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If You Could Do It Alone, You Already Would Have

by Roger Nix on Jan 26th, 2015.     0 comments

do-it-alone-landing
At our first coaching session, I asked Jack (not his real name) what he wanted to work on. He said his issue was that he rarely desired to be sexual with his wife. As we dug down toward the roots of this issue it turned out he had a porn habit.

Jack was very confused. He understood that at times his porn habit was a huge negative in his life, yet knowing this truth rarely prevented him from acting out.

After a few sessions of trying to get a handle on the porn addiction (which seemed primary to creating a healthy sexual relationship with his wife) it became clear that he was stuck. He just couldn’t stay away from the porn. So I asked him again, “Why are you here?”

Jack said, “I want to stop using porn, and I want to be sexual with my wife again so she will stop questioning my love for her.”

I thought for a moment and quietly asked, “Ok, so why do you want those things?”

Well, because I think that I will be happier. It makes perfect sense to quit. We are married, she loves me, and if we had a good sex life the rest of my life would be less stressful. I just need to get rid of the porn so I can focus on being a good husband to her.”

When I heard his words, “I think,” and “it makes sense,” I saw his problem more clearly. 

I asked, “How strong would your desire be to stop using porn if your wife wasn’t a factor? Say from a scale of 1, I’d have very little energy, to 10, this is what I want so badly I will do anything for it.”

Jack started thinking, and then quickly I added, “Jack, don’t think about your answer. Just blurt out a number.”
He froze for a second or two. He was finding this difficult. But after a bit he said, “Shit, I guess a 2 or 3!”

“And now, Jack, what is the strength of your desire to use porn when temptation beckons? What does that feel like on the 1 to 10 scale?”

Quickly he said, “It’s a 9 or 10 when I am really in the grips of my desire.”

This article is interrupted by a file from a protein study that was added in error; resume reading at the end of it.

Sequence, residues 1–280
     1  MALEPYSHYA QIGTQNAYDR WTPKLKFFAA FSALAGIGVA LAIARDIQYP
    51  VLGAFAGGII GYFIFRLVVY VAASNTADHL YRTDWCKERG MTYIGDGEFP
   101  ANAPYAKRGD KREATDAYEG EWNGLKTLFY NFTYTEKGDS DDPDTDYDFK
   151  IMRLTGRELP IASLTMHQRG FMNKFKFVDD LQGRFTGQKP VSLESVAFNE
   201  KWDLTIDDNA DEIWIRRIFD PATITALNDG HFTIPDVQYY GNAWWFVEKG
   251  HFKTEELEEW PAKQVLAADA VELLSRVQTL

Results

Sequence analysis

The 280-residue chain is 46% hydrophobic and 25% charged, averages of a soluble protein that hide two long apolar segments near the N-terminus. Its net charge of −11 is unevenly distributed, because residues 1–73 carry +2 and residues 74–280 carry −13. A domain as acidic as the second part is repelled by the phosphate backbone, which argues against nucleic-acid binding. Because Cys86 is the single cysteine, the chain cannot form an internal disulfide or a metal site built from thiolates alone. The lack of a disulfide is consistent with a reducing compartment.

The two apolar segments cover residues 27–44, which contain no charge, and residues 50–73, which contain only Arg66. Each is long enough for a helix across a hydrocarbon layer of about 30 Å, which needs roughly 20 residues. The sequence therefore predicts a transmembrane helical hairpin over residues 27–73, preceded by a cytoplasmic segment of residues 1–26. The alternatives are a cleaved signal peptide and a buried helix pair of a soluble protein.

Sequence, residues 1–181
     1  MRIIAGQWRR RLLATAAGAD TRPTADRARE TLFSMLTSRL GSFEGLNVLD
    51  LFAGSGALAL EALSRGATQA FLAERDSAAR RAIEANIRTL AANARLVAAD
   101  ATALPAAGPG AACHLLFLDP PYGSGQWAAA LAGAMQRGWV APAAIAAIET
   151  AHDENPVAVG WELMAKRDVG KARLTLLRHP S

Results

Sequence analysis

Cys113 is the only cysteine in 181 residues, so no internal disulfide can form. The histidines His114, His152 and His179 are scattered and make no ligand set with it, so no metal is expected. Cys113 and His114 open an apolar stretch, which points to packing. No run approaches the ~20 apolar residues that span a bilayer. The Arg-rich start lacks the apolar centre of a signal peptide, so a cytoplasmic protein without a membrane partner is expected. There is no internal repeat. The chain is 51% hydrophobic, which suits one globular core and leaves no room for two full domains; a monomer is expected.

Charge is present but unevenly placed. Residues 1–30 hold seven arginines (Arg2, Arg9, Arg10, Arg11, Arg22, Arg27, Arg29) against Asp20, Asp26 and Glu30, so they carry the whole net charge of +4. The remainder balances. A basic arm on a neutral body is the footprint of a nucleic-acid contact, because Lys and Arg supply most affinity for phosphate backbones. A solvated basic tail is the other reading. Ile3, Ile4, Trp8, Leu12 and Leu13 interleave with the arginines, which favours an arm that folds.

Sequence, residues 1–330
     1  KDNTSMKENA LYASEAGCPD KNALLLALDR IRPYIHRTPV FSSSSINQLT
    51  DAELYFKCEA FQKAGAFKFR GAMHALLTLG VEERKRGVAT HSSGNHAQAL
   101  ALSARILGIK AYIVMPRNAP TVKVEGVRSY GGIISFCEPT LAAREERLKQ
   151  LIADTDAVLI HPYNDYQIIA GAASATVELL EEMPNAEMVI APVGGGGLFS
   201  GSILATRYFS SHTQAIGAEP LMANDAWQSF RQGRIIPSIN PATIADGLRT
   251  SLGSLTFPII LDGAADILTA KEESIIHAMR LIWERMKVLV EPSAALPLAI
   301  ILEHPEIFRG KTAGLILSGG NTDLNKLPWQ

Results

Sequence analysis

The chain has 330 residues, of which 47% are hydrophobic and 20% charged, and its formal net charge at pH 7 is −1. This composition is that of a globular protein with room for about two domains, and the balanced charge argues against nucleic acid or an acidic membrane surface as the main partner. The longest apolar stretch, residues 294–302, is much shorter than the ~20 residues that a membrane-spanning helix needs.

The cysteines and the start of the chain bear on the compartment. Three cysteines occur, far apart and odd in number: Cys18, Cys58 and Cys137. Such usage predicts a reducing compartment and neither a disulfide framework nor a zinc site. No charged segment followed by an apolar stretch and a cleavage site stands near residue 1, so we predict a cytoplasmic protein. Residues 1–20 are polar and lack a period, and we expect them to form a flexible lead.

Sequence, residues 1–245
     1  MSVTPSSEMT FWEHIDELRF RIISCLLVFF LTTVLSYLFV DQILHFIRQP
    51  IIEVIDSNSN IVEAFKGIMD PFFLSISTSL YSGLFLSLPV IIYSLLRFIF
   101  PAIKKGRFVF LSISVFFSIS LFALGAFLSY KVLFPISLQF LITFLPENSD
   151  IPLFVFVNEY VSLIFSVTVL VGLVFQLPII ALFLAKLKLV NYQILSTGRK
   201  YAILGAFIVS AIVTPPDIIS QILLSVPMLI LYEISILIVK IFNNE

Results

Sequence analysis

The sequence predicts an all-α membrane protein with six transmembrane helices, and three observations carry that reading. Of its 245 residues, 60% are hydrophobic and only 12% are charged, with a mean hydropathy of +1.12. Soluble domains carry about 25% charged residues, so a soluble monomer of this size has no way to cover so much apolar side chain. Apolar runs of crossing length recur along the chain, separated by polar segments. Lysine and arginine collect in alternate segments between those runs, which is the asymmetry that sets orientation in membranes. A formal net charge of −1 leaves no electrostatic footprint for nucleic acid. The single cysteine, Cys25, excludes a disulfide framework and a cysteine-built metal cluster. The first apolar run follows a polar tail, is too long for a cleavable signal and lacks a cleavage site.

Now we knew why he was stuck. The truth was that while rationally he knew that his porn habit was hurting his life, and he had a list of reasons to quit, emotionally he wanted porn more than he wanted a sexual relationship with his wife.

We humans think we are rational beings who make rational decisions. The truth is we tend to use our intellect (the rational mind) to justify, act out, and/or evangelize our emotional wants, not the other way around.

Knowledge and information, no matter how obviously true or compelling, can be overcome by a strong habit that pays immediate rewards. When triggered by a strong chemical impulse to act out, we will quickly abandon our “good intentions” and find ways to justify our behavior.

These rationalizations give us permission to do what we strongly desire, in spite of all we rationally “know” about the consequences.

Hormones designed to push us to repeat pleasurable experiences will overwhelm the much weaker executive function of our brain.

This is why initially acting out feels like such a relief. The war between a “good intention” and desire is over, at least for a while. We get relief from the struggle and an immediate chemical reward from our brain. This pattern creates a familiar neurological path that provides an easy and reliable reward.